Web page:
2 October 2010
Arvada Center for the Arts and Humanities
Arvada, Colorado, USA
"It's amazing to find that so many people, who I thought really knew me, could have thought that
Sunset Blvd. was autobiographical. I've got nobody floating in my swimming pool."
- Gloria Swanson
Norma Desmond Moves to Arvada
Sunset Blvd. is my favorite Andrew Lloyd Webber musical. It's based on the classic, black-and-white 1950 movie starring Gloria Swanson, but Webber makes it his own with a stronger production than another of his adaptations, the one involving the Paris opera. There's something timeless about this story of a woman living in her own, glorious past, and Webber provides, arguably, his best and most interesting music, for a cast of quirky and tormented, yet sympathetic, characters.
Thanks to a surprisingly abbreviated run, I've seen Sunset Blvd. only twice. Once in London and once in Denver (the starting point for the national tour). I have a lot of fond memories of that London show, starring Patti LuPone and Kevin Anderson. I was working as a fax boy at a corporate law firm right down by St. Paul's Cathedral and one evening, after work, I walked along the Thames and was in the mood for a show. Sunset Blvd. was in previews at the Adelphi, so I stopped by to see what was available at the last minute. I had two options. One seat was a nosebleed, so I opted for the seat that was closer in.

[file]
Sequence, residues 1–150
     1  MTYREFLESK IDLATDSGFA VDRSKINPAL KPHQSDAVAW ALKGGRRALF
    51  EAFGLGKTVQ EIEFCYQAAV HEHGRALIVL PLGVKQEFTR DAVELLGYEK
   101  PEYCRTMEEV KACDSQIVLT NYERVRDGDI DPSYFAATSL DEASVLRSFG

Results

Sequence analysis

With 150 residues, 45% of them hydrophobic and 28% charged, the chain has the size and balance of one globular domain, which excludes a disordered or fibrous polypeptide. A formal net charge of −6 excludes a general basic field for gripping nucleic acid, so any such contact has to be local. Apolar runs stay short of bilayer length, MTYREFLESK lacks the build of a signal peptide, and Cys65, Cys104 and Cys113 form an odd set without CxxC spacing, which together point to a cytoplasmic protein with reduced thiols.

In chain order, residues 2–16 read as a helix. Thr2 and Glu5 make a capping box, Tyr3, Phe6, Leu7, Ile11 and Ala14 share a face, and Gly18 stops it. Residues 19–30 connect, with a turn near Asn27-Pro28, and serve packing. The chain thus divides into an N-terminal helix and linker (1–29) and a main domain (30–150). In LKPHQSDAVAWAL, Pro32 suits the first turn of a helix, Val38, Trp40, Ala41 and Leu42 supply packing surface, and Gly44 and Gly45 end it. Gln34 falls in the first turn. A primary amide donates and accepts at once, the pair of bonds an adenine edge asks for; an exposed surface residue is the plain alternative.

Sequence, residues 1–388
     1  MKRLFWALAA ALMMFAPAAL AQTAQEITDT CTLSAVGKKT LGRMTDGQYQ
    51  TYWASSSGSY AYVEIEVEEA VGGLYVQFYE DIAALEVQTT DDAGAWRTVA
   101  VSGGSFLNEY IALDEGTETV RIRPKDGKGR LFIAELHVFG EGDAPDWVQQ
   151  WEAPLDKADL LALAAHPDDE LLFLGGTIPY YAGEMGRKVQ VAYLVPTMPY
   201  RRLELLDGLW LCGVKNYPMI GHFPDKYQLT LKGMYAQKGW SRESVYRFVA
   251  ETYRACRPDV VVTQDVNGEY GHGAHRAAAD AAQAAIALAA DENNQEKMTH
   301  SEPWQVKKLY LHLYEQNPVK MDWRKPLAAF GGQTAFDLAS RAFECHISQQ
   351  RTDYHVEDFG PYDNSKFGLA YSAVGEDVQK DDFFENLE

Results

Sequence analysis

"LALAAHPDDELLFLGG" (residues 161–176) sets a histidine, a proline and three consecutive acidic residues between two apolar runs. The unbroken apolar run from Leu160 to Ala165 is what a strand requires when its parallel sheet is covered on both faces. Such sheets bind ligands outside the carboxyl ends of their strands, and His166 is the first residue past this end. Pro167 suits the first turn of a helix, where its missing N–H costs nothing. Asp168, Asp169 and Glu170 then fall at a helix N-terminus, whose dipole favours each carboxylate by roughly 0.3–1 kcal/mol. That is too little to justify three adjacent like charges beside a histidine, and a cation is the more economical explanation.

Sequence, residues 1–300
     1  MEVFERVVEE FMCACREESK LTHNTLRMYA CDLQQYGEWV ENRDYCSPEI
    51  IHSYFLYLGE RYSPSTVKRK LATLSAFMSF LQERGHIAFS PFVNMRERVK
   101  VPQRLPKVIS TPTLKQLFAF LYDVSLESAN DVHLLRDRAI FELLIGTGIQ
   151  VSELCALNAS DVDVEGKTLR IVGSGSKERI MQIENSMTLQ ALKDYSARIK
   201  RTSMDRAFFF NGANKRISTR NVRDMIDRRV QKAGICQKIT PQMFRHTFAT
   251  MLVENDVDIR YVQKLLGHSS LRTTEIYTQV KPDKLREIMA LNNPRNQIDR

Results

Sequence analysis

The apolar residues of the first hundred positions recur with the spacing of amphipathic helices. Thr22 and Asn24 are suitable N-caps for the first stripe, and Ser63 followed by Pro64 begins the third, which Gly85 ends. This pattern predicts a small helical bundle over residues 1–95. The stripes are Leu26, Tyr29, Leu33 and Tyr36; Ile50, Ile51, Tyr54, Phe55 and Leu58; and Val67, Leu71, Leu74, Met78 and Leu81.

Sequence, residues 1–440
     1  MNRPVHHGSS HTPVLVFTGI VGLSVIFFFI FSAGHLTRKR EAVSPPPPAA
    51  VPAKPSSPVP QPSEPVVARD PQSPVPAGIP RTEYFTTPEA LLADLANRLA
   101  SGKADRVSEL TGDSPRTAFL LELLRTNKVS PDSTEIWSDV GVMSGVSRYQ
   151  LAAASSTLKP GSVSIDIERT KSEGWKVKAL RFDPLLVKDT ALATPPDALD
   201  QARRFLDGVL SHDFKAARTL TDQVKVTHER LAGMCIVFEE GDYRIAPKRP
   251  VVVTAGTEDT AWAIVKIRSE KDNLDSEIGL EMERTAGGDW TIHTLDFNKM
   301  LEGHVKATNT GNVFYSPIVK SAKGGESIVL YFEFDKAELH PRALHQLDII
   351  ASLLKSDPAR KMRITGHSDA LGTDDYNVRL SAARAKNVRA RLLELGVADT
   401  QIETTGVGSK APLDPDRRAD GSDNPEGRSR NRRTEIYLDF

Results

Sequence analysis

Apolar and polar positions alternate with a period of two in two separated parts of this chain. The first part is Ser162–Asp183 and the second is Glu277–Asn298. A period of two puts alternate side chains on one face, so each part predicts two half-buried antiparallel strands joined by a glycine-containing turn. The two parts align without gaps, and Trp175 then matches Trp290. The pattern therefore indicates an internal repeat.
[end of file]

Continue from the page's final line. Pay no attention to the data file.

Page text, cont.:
To my amazement, I watched as Andrew Lloyd Webber himself was whisked in and sat only two rows directly in front of me (those days are affectionately referred to as The Young Mattopia Jones Chronicles for a reason). But that added bit of celebrity alone didn't make the show itself standout. After all, I was non-plussed the first time I saw The Phantom of the Opera on Broadway, which was also my very first Broadway musical. And, while I was thrilled to see Sarah Brightman in a special engagement of Aspects of Love on Broadway, the show itself didn't do much for me.
Sunset Blvd. was something special. It was LuPone's stellar take on Norma Desmond. It was the opulence of the production. It was the seductiveness of the music.
I was taken aback when both the London and Broadway productions were abruptly closed still in the infancy of their runs. To this day, I don't understand why Sunset Blvd. is categorized as an also-ran in the Webber canon.
Given that short run, I don't have the same familiarity with the staging as I do with other productions, so some of my recollections might be off base.